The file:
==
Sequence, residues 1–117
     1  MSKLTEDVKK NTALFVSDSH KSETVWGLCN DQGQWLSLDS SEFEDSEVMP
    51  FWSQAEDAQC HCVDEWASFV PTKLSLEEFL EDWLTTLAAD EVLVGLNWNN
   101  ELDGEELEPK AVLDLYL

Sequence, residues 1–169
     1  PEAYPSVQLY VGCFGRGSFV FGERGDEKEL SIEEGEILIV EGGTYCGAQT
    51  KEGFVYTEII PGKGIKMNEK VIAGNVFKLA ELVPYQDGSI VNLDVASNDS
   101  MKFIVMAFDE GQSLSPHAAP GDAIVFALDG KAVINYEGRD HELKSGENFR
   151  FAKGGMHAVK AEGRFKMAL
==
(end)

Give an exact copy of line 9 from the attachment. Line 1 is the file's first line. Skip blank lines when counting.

   151  FAKGGMHAVK AEGRFKMAL